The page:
Waiver of Consent

Where there are specific situations where the IRB may waive the requirement for obtaining informed consent (written or oral). This may only be done when research falls under the "Exempt for Further Review" category of IRB review AND all of the following four conditions pertain:

  1. where the risks to participants are minimal
  2. where obtaining consent is practicably impossible
  3. where no therapeutic intervention is involved in the research,
  4. where the waiver does not violate the rights or well-being of the participants

You must demonstrate in writing in their application that these four conditions exist for the IRB to grant such a waiver.

Third-Party Consent Process

Where it is not clear that potential participants have the capacity to provide informed consent, or if the research participants are of a population recognized as lacking the capacity to provide informed consent (e.g., young children, adults under the influence of judgment-impairing substances), informed consent must be obtained from an individual who bears responsibility for decisions concerning the well-being of the participant (e.g., parent, caregiver, guardian, etc). In the case of children ages 6 to 18 who are not yet capable of legal consent a Child Assent form (pdf) must be used in addition to the Parent Consent form (pdf).

Where this impairment is temporary, you must describe how consent will be obtained from the participants when they are deemed to have regained decisional capacity. Where a participant lacking decisional capacity is able to provide assent for the research (i.e., express their willingness at the time of participating in the research), this should also be sought. Researchers must provide a description in the protocol of the criteria that they will use to judge either assent or dissent of a participant.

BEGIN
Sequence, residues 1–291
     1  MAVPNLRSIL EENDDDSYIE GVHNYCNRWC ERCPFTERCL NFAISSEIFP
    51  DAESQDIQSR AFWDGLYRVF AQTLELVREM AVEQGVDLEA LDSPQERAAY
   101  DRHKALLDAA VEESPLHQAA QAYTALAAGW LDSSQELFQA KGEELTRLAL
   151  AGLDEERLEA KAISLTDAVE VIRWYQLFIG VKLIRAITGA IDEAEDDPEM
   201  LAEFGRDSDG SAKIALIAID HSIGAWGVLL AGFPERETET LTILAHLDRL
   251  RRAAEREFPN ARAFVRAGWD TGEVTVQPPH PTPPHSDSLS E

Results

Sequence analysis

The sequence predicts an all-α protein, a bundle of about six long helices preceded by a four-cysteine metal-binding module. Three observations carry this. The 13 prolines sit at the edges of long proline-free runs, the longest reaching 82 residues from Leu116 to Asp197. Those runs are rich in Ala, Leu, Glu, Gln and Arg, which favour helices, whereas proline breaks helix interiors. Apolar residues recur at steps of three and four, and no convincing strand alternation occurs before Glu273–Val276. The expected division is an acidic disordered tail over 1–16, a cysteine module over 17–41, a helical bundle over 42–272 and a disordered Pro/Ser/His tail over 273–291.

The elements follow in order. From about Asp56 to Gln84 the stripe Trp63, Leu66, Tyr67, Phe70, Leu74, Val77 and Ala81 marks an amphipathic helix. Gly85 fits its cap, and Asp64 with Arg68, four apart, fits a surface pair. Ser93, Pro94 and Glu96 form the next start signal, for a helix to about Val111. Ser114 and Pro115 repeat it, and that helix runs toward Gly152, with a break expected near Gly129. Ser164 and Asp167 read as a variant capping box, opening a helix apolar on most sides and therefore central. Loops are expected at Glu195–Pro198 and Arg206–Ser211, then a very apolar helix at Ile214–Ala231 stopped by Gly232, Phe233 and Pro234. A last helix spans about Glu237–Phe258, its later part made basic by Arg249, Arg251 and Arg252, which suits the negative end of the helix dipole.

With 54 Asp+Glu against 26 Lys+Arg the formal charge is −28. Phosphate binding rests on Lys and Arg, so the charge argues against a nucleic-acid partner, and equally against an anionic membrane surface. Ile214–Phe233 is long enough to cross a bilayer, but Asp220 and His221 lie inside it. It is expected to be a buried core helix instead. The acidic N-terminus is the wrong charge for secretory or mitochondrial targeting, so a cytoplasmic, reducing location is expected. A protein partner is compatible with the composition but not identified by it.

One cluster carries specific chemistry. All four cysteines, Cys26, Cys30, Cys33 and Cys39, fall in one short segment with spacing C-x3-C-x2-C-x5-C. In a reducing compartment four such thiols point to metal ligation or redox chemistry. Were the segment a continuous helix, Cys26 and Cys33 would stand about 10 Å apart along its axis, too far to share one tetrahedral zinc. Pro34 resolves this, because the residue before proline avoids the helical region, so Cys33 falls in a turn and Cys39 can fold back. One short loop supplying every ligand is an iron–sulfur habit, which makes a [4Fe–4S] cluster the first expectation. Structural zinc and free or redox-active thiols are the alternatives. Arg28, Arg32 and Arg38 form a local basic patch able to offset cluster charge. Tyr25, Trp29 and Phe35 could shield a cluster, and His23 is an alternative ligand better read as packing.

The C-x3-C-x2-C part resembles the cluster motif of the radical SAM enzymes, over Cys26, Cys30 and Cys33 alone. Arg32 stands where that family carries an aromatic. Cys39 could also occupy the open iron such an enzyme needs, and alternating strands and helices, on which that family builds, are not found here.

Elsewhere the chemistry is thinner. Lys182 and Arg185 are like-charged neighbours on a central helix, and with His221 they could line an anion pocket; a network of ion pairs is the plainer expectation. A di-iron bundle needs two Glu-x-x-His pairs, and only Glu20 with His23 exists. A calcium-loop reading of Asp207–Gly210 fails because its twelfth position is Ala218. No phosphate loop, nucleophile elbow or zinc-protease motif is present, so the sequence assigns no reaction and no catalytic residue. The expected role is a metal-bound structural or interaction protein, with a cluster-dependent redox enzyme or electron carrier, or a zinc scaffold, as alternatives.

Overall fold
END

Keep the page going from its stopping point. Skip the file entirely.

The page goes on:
Continued Consent

The process of obtaining consent is not limited to the initial discussion and signature of the consent form. During the course of the research, new information about the study, or knowledge regarding the risks of study participation may be learned which must be disclosed to participants. It is your responsibility to ensure that this is done. This would be achieved through:

  1. submitting an amendment to the Institutional Review Board describing the changes to the recruitment/consent process, and
  2. informing and reconfirming consent of those currently involved in the study, and
  3. modifying the consent process/form for new participants

Community Consent

In some circumstances (e.g., aboriginal research) it may be important to seek consent from the community as a whole in addition to getting consent from individual participants. It is your responsibility to consider whether this is needed, and if so, to describe how such consent will be sought.